The Expansion of regina
Is Regina going to take over small town Saskatchewan?
Article: Ethan Stein – Contributor
The City of Regina is leaving behind a legacy that may live on in ways that can skew for better or worse. On Jun. 11, Mayor Michael Fougere announced that Regina would extend its boundaries to annex land that originally belonged to the RM of Sherwood. Additionally, city council has set its sights on further expansion in the future. This expansion could mean the annexation of small towns and villages into Regina.
Would citizens in these areas welcome Regina’s expansion and influence, though? What are the lasting effects of our city on the province’s characteristic small towns and villages? As Regina reaps economic gains and continues its geographic crawl across the province, some greet Regina’s approaching boundaries with skepticism and uncertainty.
One such concerned citizen is Gord Butler, who owns a farm in Saskatchewan as well as residence in White City. When asked about Regina possibly annexing Pilot Butte, Butler wryly remarked, “I’d just move.”
“I don’t want to be part of [Regina] but they’ve come a long way.” Butler has witnessed Pilot Butte’s expansion first hand, noting the industrial buildings being built “right across highway from town” on unoccupied farm fields.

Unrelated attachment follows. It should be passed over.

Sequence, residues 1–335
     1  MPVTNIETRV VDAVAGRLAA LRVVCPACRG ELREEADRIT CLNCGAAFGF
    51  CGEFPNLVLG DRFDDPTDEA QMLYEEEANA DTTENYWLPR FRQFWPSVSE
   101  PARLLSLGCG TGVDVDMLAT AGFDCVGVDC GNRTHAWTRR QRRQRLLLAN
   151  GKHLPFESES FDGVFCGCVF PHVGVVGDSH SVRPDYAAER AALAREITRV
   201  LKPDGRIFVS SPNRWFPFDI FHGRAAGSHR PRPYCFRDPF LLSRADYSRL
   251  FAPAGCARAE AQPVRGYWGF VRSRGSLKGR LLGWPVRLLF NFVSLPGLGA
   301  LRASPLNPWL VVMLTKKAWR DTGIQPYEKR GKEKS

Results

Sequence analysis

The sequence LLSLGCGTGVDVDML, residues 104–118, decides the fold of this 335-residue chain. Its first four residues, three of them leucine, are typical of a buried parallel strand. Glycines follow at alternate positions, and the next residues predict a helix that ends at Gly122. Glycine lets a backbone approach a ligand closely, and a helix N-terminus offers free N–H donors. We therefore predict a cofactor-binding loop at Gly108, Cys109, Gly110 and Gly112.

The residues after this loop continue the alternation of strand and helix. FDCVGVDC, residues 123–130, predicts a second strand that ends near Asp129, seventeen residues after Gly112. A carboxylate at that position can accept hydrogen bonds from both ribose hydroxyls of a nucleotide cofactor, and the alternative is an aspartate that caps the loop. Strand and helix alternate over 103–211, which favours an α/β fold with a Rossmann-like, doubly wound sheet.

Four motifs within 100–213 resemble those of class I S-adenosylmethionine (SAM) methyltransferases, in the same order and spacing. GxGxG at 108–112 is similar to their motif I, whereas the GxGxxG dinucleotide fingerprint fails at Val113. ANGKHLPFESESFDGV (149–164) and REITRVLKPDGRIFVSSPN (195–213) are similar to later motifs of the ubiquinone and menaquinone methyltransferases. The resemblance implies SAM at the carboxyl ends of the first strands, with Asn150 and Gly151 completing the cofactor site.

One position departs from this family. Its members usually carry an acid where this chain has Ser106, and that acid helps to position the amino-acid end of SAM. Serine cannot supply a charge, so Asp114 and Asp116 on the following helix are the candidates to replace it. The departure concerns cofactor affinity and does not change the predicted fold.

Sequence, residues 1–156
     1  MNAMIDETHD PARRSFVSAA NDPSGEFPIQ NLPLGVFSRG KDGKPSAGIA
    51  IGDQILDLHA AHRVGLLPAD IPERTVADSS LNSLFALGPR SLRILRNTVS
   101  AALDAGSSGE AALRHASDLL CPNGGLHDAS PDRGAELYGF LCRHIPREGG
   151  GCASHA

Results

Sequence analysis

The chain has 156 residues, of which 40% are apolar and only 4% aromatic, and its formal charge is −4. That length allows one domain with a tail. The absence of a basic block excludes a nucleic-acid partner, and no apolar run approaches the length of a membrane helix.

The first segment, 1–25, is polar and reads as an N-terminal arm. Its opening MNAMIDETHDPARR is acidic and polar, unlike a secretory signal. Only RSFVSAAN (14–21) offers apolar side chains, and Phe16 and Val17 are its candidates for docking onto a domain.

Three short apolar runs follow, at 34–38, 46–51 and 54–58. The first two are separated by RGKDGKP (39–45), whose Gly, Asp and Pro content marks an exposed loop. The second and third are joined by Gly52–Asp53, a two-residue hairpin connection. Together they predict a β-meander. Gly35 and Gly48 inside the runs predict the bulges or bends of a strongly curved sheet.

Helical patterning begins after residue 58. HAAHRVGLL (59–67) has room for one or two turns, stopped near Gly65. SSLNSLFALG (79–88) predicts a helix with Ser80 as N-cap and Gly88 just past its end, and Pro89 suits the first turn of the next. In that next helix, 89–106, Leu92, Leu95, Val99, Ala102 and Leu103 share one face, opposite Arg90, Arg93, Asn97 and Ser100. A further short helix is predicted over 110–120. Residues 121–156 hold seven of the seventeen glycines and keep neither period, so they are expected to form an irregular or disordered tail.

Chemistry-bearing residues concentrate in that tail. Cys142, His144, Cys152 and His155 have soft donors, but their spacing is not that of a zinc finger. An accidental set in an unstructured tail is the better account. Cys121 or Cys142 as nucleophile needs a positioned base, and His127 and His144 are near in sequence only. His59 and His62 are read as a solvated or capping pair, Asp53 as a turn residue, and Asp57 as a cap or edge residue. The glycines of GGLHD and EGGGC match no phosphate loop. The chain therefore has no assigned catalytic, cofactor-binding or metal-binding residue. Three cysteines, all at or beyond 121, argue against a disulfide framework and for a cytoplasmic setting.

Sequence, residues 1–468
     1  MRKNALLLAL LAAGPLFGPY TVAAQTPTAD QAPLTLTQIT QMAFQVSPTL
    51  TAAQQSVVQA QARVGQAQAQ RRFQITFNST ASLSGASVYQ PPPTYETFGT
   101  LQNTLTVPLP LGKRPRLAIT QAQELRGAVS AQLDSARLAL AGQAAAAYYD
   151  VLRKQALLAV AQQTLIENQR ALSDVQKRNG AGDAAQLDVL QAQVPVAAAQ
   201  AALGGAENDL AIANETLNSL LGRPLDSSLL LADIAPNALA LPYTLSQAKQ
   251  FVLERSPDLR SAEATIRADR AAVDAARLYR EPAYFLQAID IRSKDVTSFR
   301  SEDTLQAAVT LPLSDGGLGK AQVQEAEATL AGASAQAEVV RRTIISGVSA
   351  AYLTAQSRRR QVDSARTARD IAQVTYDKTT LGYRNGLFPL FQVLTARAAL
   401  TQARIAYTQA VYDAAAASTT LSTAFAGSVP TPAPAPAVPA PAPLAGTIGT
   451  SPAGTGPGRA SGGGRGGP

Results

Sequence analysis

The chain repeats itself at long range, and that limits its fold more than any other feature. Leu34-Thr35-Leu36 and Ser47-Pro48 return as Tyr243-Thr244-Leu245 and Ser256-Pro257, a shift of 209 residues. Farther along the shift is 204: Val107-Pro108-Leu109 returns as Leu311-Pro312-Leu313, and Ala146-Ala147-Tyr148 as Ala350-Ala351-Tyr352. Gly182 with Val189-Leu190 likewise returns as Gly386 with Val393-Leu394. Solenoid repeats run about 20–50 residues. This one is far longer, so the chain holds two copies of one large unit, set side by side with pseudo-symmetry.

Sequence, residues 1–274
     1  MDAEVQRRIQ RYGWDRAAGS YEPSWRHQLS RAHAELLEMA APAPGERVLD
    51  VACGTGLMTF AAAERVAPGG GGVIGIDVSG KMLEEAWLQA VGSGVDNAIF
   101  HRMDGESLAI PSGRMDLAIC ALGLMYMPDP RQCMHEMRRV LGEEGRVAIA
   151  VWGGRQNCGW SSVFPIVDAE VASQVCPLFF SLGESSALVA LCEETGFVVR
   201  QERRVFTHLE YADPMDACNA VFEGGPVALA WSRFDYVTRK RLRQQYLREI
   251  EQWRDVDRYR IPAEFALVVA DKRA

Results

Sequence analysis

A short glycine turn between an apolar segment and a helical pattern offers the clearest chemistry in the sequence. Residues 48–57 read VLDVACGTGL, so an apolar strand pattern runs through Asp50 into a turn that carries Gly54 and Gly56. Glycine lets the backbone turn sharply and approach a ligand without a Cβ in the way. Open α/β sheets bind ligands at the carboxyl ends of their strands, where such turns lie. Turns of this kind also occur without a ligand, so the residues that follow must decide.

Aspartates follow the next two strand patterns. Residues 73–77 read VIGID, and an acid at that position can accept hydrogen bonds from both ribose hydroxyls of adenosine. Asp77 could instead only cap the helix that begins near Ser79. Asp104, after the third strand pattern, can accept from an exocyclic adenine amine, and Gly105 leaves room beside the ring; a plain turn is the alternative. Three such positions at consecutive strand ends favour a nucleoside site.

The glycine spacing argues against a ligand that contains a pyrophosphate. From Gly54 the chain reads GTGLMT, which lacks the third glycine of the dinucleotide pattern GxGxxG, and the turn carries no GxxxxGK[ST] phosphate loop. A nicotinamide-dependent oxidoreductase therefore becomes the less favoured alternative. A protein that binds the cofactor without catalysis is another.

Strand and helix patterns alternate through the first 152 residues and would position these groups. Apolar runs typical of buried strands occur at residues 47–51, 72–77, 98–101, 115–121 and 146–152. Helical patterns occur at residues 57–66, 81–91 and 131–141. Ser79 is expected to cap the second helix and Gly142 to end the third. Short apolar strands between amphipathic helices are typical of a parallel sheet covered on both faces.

As expected, expansion has come at a price.
Butler says, “We’re much, much more congested now. They’re just building more and more stuff out here, and we’re just getting more and more people.”
Transportation has become far more difficult, with traffic line-ups reaching “a quarter to half mile long to get on to the highway.”
While Butler is happy with the area he lives in, he says “the new part is basically an extension of [Regina], the lots are smaller and the people are closer, you’re right in your neighbor’s face. The old part you got larger lots and things like that.” In Butler’s eyes, the traffic is also beginning to resemble a big city. He says White City’s Number One highway “is getting more and more congested.”
Tamara Devers expresses similar concerns about the small town atmosphere that may be in jeopardy. Devers’ husband lived in Pilot Butte with his parents who also moved to the town from Regina. Devers notes that Pilot Butte and Regina “are so close now, Pilot Butte has already put on three big new subdivisions that they’re building now. I think that our small town is changing because of our close proximity to Regina; it’s already changing dramatically. I think that we’ll lose some of that really good small-town feel that it has right now.”
Devers finds the small town atmosphere incredibly appealing as “you get a real sense of community, you get to know people when you’re walking down the street.”
She greatly wants the small town atmosphere preserved, as the smaller community allows for greater familiarity with the residents and greater security, which Devers especially values for her three children.
“You just feel like it’s a big family, rather than Regina where it’s just a free for all.”
Likewise, Clare Banks of Pilot Butte notes, “We’ve had four or five deaths at the corner of our access road to Pilot Butte.”
Although Regina’s expansion comes with baggage such as transportation and safety issues, Banks is welcoming of the benefits provided by Regina’s close proximity. She notes that “we don’t have our own amenities,” such as businesses and hospitals which are easily accessible with a trip to Regina.